Archive for the ‘Uncategorized’ Category

The good guys…

January 13, 2009

As it turns out, my favorite non-Jack character, Tony Almeida, is not only alive, but is NOT a domestic terrorist after all! He is actually working undercover, DEEP undercover. Oh, how my mother will be appalled at this post. She cannot understand my attachment to Tony. Perhaps she should remember that lengths to which Tony has gone to protect Jack. I do acknowledge that he has certainly developed a bad habit of remaining in an almost constant surly glare. And he’s probably not the very best actor that has ever graced a television set…kind of one-dimensional. But still! He saved Jack and Audrey when they were being attacked by ruthless gunmen! He directed CTU through a biological weapon crisis while recovering from a gunshot wound to the neck! He kept Jack’s existence a secret! And Michelle, dear Michelle…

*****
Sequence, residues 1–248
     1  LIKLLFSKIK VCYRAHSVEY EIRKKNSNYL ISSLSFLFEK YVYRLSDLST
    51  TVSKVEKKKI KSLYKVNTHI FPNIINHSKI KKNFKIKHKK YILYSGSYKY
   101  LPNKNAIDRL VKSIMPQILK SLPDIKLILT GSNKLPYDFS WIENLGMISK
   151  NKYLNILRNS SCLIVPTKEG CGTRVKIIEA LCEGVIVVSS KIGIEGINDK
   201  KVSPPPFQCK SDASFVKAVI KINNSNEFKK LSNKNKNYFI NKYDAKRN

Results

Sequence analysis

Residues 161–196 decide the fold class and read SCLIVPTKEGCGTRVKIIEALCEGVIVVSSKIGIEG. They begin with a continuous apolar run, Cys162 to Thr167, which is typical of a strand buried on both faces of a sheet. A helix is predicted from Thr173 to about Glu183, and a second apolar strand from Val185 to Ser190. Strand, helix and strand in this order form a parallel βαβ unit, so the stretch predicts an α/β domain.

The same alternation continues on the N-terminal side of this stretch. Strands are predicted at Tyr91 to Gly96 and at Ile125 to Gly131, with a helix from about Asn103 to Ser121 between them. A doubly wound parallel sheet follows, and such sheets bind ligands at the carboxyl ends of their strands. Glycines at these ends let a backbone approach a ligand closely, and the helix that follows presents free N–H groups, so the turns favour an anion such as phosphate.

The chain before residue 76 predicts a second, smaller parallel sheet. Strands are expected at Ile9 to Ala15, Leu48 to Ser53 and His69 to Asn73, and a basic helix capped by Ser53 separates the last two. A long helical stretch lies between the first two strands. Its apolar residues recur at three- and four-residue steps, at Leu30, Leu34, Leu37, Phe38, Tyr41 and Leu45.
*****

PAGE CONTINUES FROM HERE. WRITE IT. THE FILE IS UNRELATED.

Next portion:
Alright, I’m going to return now to my regularly scheduled programming-the 2nd hour of 24 for the night!


Golden Globes 2009

January 13, 2009

Now, this is not a fashion blog. I am not the least bit fashionable, at least as far as a sense of originality or real passion for fashion goes. I’m known in my family as the one who buys the outfit on the mannequin.

I do, however, enjoy critiquing, admiring, loving, and loathing the gowns of the stars on awards show nights, so I decided to include my favorites from this year.

Kate Winslet, the classic beauty: